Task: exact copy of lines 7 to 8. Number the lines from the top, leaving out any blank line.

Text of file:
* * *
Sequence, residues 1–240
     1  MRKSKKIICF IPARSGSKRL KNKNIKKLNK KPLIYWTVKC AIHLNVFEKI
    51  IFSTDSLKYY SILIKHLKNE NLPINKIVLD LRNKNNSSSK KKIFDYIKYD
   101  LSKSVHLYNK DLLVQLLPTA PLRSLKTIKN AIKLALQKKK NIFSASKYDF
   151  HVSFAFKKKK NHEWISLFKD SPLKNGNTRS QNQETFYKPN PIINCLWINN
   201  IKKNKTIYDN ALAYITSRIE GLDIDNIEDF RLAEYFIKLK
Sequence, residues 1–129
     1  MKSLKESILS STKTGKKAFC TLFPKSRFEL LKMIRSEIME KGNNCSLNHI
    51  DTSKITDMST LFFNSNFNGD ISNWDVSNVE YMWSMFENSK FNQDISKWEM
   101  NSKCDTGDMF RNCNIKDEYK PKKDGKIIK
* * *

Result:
Sequence, residues 1–129
     1  MKSLKESILS STKTGKKAFC TLFPKSRFEL LKMIRSEIME KGNNCSLNHI